How to use money to live a happy life

Money has the power to change everything around us including family relationships. Obviously, money has the ability to make relations strong, happy, and even havoc too. It has been a central reason for the collapse and ruin of several family relations. Nowadays family relationships are money-based and people love each other for their own gains.

Coming to money vs relationship the money is just an artificial token that gives temporary happiness. But relations can't be bought or sold. These days people just concentrate to earn money and this results in having less time to spend with those who care about them. Basically having a lot of money is great, but if you don't earn in right way by balancing working time with spending time with friends and family you will not be able to be happy in our life.

The most important thing in our life is to have a good relationship with family and friends to maximize our level of happiness. Not only happiness but also relations help us in character formation, emotional strengthening and they're the ones to accept our good and bad. Although without money and wealth life seems difficult, but much focussing to earn money affects our mental health, satisfaction and damages precious relationships.


From a psychotherapeutic point of view, we could say that money symbolizes our shadowy side. We project all our unconscious relationships to values and self-worth onto the amount of money we earn or feel we ought to earn. We may find ourselves “slaves” to money, organizing our whole lives around making more and more, or we may wonder why money never seems to come our way, perhaps suspecting that deep down we are not worthy of more. Either way, the triangular relationship we have between money, values, and our self-worth is hugely revealing.

It is also a relationship heavily intertwined with our society and culture. Take bankers. We might both admire and despise the wealth “Greed is good” . Although we say that money is just a tool of exchange. But in reality, money is a vital force in life. Build stability, build power, create freedom, comfort, and so much more in our lives.

Can money make us happy?

We might instinctively know that money doesn’t make us happy and that beyond a certain point, our happiness stops rising with our income (various studies have come up with different levels of where this peaks). And this knowledge has been proven by what is known as the Hedonic Treadmill, a psychological theory, that shows the more money an individual makes, the more their expectations and desires rise in tandem with that increase in income, which results in no permanent gain of happiness at all.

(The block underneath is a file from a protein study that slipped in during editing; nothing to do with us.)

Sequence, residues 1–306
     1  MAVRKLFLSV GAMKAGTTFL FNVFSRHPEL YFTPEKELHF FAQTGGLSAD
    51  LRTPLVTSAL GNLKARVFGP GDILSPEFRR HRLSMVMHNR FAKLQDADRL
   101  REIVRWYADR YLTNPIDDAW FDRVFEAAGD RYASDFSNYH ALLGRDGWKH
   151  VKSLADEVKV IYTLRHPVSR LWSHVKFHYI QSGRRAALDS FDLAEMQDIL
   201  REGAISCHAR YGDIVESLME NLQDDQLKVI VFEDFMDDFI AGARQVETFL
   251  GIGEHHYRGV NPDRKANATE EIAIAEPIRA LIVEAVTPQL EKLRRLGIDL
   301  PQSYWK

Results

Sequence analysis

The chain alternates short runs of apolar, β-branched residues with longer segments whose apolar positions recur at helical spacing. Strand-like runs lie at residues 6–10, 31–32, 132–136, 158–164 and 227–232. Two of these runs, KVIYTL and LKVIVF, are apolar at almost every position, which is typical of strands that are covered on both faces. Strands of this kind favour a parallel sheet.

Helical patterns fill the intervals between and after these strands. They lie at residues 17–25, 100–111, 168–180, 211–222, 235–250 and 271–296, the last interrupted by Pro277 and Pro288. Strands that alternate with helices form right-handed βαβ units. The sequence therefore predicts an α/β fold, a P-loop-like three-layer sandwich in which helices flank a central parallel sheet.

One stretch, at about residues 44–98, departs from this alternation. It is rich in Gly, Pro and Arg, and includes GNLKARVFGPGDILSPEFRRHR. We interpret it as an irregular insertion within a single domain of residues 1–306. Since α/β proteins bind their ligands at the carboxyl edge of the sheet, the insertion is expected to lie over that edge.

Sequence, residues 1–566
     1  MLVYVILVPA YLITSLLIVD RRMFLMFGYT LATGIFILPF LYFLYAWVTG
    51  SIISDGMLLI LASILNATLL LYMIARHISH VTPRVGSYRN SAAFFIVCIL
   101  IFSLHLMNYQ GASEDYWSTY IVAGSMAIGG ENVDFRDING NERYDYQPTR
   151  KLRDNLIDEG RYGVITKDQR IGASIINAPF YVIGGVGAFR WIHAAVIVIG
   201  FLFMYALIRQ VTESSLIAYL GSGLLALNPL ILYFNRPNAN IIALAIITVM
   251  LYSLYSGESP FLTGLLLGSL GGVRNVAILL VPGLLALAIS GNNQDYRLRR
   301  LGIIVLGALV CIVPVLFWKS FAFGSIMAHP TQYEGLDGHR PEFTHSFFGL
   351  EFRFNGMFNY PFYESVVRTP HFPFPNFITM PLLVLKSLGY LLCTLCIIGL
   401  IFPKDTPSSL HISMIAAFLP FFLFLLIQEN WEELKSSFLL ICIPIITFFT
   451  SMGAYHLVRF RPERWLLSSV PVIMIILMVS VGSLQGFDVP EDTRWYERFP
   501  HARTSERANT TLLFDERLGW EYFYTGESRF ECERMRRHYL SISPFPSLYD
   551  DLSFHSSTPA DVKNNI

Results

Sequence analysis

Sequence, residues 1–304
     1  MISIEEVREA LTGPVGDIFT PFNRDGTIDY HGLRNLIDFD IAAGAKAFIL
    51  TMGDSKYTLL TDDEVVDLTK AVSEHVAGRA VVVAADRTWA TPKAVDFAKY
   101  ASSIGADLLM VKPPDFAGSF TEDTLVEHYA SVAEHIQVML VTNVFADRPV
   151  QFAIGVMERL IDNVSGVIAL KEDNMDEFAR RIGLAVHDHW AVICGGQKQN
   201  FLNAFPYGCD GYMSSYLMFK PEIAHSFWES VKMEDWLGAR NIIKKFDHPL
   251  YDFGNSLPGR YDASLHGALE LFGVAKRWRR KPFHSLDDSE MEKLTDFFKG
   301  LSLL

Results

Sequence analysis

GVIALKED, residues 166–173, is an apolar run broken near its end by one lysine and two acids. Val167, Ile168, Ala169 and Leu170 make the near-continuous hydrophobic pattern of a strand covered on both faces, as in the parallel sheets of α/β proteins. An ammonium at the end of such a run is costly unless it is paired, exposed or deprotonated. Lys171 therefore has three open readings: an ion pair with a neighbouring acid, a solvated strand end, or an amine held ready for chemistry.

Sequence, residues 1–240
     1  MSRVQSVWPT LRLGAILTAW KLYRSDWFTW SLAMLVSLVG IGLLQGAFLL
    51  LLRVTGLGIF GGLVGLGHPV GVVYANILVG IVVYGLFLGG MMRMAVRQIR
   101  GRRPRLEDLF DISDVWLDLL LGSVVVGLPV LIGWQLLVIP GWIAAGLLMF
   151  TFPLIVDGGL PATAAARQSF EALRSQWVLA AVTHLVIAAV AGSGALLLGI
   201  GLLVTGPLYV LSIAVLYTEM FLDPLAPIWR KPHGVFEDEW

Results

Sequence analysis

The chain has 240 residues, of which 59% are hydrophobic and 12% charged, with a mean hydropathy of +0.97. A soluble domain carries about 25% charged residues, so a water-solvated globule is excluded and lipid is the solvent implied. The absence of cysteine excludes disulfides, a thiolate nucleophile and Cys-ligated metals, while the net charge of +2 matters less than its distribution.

the British psychologist Oliver James claims there is an epidemic sweeping through the English-speaking world, that he calls Affluenza. In his book, he claims the richer we become materially, the poorer we become psychologically and emotionally. According to his research, mass materialism is making us twice as prone to depression, anxiety, and addiction. Indeed, this idea that materialism makes us miserable has been around for many years. The social philosopher and psychoanalyst Dr. Erich Fromm wrote: “A healthy economy is only possible at the expense of unhealthy human beings.”

Yes, our relationship with money is indeed a complex one. As the Jungian analyst James Hillman wrote in his 1982 essay, A Contribution to Soul and Money: “Money problems are inevitable, necessary, irreducible, always present, and potentially if not actually overwhelming. Money is devilishly divine.”

He goes onto say that money “can be taken spiritually or materially but which in itself is neither.” And that “if money divides the two realms, is it also that third which holds them together?” Hillman is touching on a very raw nerve: can I be paid well, want nice things and be a good person? In this, he seems to be suggesting that money and soul must be explored together. That we cannot keep dividing the material from the spiritual and that to fully explore ourselves, we must look inwards to explore our relationship with money. As we look towards the festive season, with all its inherent contradictions between the spiritual and the material, perhaps there is no finer time to begin the exploration.